The larger size "Moderators" (50, 60, 70, 80, 90mm) are designed to reduce overtones. Nothing wrong with that, if the situation calls for it. I know lots of guys who put some moon gel or tape on their cymbals in certain situations. The Cympads will certainly make this easier, and more asthetically pleasing.

The smaller size "optimizers" are 40mm, and are the same diameter as a standard cymbal felt, and are designed to replace your standard cymbal felts more so than "modifying" your cymbal sound. I found that the 40mm "Optimizer" was about 2/3 as thick as a large Gibraltar felt. I did the test on a 22" Zildjian K Constantinople Thin Ride, to see how it would affect darker and thinner cymbals. Playing very softly and subtley (with a thin maple stick, no less) I thought that the Cympad sounded virtually the same as the standard felt. If anything, it did take away just a tiny little bit of the overtones, but that cymbal has so many different and complex overtones that it would probably sound different with a thinner standard felt too. Also, I do not use any top felts on any of my cymbals, as I like all of them to swing freely. I make sure the sleeve comes up well beyond the felt to help protect the cymbal. Using two might make more of a difference, especially depending on the "play" of the cymbal (how tight the wingnut is). Keep in mind I did this test playing very subtley at a very soft volume. If you are cranking away or even just playing the cymbal normally, the difference won't be noticeable at all. They are defintley more durable than standard felts. Anything that touches the cymbal, be it felt, rigid foam, wood, metal, plastic etc. is going to dampen the cymbal in some way. For as cheap as Cympads are (I got mine for $1.50 each), it is certainly an inexpensive way to experiment! I haven't tried these yet with a small splash (I am not at my home now), but I will do so and report the results back on this thread. Incidentally, there was NO difference in the vibrations of the cymbal stand between the felt and the Cympad. I felt the stand with one while playing the cymbal with the other, and the vibrations of the stand were the same in both cases. Again, this might be different if you're really playing the cymbal loud, but playing soft I couldn't notice a difference.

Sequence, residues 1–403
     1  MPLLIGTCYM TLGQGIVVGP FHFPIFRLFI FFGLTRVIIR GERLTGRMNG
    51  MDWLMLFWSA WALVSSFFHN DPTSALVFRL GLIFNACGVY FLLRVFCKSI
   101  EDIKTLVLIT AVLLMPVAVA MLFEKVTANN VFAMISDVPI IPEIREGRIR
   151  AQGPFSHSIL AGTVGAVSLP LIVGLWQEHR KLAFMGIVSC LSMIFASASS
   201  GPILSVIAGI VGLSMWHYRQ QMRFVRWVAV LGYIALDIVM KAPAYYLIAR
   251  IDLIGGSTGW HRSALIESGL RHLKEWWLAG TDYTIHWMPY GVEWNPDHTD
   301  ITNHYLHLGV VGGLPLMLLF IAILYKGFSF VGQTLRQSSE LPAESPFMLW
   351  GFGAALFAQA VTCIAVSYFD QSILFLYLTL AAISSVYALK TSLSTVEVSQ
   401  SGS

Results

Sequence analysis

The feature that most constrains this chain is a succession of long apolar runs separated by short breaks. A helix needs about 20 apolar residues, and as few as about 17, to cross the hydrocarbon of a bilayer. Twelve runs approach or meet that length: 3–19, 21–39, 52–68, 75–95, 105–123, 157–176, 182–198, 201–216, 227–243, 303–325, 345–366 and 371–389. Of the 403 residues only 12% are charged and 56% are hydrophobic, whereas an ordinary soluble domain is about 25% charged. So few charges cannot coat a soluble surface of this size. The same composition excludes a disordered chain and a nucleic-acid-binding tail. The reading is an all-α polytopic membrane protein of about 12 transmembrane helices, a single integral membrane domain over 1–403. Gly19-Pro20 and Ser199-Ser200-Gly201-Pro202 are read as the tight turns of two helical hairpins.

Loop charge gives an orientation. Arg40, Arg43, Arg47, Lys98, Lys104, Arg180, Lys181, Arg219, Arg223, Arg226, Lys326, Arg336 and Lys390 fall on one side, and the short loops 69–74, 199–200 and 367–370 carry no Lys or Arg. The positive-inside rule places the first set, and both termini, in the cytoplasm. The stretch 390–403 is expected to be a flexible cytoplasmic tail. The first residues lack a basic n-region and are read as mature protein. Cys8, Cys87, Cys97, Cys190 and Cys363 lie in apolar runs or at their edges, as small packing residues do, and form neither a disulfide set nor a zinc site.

Thanks for your time in reading this thread.
 
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vyacheslav

Senior Member
Hey daredrummer:

I recommend one of these for your bottom hi-hat cymbal:

http://www.gibraltarhardware.com/index.cfm?fa=partsdetail&curcat=2&bnd=11&cid=108&sid=476&pid=2093

I use these on all my hi-hats. The design keeps the cymbal "centered" at all times, and really helps if you have a bottom cymbal that likes to lean to one side/has a heavy spot (and a lot of mine do).. Even if you are cranking away on those hats, the bottom cymbal goes down with the stick hit put then pops right back up, almost like a breakaway rim in basketball. They really help the "chick" sound and all for under $4! Pearl makes an identical item as well.
 

randomrod

Junior Member
My friend used a 90mm Moderator Cympad on his 22" Meinl Sand Ride and I've tried one out on my 21" Sabian Groove Ride.

I thought they tidied up the sound of both rides but didn't spoil the tone - the Groove Ride has such a heavy bell compared to its comparatively thin bow, the bell sound was largely unaffected.

Would like to try the Hi-Hat set and the other crashes too!